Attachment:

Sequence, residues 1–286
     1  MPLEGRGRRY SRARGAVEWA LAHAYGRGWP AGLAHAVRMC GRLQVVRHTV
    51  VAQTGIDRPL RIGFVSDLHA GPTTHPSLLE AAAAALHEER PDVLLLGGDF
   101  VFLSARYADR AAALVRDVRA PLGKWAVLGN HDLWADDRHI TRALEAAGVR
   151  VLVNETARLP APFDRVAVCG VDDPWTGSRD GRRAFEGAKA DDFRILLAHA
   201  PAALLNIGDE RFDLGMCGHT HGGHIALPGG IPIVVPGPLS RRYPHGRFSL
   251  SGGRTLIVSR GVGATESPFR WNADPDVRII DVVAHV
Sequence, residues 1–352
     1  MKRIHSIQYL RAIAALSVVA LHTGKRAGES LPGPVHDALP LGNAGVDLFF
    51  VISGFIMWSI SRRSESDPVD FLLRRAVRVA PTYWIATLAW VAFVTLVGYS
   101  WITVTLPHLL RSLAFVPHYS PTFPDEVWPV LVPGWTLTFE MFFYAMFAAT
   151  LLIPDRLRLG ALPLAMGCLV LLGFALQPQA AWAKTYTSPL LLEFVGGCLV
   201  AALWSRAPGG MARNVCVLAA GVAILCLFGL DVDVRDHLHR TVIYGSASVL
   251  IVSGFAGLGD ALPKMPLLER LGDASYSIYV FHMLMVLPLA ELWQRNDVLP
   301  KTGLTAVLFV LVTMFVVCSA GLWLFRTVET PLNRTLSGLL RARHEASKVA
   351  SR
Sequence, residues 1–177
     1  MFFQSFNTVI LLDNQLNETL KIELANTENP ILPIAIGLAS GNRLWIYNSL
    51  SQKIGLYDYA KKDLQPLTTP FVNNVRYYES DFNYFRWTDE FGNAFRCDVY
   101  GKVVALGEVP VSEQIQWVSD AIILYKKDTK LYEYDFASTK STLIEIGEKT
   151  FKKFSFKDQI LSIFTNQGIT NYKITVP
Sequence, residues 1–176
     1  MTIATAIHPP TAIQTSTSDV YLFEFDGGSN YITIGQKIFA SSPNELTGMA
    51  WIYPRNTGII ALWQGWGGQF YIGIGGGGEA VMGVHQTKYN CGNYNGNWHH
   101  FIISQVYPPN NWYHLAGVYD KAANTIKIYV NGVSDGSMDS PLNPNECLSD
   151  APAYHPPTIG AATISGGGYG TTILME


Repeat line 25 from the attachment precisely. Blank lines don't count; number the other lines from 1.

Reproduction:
   101  FIISQVYPPN NWYHLAGVYD KAANTIKIYV NGVSDGSMDS PLNPNECLSD